And yeah, I loved the shit out of this and I'll be returning to it.

Favorite Songs: "Xavier," "Cantara," "Summoning of the Muse"

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fanaticalmilk

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Don't have a big post to make, but I discovered this album through the Alcest episode of Amoeba Music's "What's in Your Bag?" series on their YT channel. It is cool how otherwordly this music sounds, and especially for the time period it was released in.

Favorite songs: Dawn of the Iconoclast and Cantara.

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pauljeremiah

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"Within the Realm of a Dying Sun" is a mesmerizing and evocative musical journey showcasing Dead Can Dance's ethereal brilliance. Released in 1987, this album marks a pivotal point in the band's discography, as they masterfully blend elements of world music, neoclassical, and ambient genres to create a unique and haunting sonic landscape.

The album opens with the cinematic "Anywhere Out of the World," immediately immersing the listener in a lush atmosphere characterized by Lisa Gerrard's haunting vocals and Brendan Perry's atmospheric instrumentation. Using unconventional instruments, including ethnic percussion and strings, adds a rich texture to the compositions, creating an otherworldly experience.

Tracks like "Cantara" and "Summoning of the Muse" showcase the band's ability to weave together disparate musical elements seamlessly. Lisa Gerrard's wordless vocalizations are a powerful instrument in their own right, conveying a range of emotions that transcend linguistic boundaries. The album's title track, "Within the Realm of a Dying Sun," stands out as a majestic and contemplative piece with its orchestral arrangement and poignant lyrics.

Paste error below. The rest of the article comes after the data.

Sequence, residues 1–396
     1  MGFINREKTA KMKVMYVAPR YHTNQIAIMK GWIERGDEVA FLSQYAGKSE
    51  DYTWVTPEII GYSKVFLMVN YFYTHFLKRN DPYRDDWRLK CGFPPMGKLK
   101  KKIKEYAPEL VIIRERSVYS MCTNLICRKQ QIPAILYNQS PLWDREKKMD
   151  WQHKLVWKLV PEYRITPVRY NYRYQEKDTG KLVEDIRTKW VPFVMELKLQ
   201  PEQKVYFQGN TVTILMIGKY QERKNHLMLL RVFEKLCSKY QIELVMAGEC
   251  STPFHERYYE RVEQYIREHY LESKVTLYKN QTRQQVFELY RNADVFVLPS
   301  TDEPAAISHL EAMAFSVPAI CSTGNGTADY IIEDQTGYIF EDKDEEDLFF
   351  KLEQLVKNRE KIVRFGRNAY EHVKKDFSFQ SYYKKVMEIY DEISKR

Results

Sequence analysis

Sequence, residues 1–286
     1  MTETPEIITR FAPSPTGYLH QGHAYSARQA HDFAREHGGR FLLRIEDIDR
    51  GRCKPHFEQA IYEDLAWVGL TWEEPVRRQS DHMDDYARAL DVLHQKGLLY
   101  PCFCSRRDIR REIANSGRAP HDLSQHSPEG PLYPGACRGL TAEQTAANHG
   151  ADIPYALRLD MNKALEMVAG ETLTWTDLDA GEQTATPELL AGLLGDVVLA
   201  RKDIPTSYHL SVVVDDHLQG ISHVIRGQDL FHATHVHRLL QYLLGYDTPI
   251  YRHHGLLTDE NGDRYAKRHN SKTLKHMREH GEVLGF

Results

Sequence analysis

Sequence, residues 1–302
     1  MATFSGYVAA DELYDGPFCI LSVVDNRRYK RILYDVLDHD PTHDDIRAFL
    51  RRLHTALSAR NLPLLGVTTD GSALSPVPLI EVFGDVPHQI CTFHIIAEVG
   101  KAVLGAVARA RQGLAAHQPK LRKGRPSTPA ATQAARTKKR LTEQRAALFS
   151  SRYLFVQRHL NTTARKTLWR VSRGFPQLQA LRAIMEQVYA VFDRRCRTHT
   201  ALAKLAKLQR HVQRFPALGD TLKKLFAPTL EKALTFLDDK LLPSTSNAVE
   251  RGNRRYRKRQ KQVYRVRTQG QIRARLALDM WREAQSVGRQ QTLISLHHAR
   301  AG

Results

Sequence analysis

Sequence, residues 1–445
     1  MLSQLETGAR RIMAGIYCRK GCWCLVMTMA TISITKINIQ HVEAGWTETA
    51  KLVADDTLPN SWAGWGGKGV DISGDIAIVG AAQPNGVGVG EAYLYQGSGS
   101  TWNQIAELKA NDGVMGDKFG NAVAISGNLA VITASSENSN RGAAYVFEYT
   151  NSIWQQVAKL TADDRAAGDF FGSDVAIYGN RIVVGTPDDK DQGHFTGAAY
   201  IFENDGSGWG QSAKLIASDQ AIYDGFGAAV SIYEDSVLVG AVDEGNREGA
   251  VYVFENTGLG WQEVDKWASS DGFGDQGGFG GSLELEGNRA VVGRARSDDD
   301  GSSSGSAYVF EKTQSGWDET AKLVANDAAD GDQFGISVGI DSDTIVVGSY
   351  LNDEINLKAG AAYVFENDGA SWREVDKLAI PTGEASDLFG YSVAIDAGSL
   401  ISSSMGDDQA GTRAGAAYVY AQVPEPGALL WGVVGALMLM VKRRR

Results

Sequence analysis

The album's production quality is noteworthy, capturing the intricacies of each instrument and allowing the listener to appreciate the sonic details fully. The use of reverb and echo enhances the dreamlike quality of the music, creating a sense of grandeur and mystique.

"Within the Realm of a Dying Sun" is a timeless masterpiece that has left an indelible mark on the darkwave and ambient genres. Its ability to transport listeners to a realm of introspection and emotional depth is a testament to the enduring artistry of Dead Can Dance. Whether experienced as a whole or through individual tracks, this album continues to captivate audiences and remains a significant milestone in the band's illustrious career.

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redwing42

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I have to admit that I was expecting something different from this album. When I hear "Darkwave," I think goth or industrial music. You know, Sisters of Mercy, The Cure, things like that. That is not what this is. To me, it almost sounded more reminiscent of synthwave, but absolutely has that movie soundtrack feel that others have mentioned. Certain tracks also would feel at home in a JRPG. I liked the sound of this, but couldn't really pick out individual tracks that I preferred. It was interesting and enjoyable, but generally forgettable for me, I think.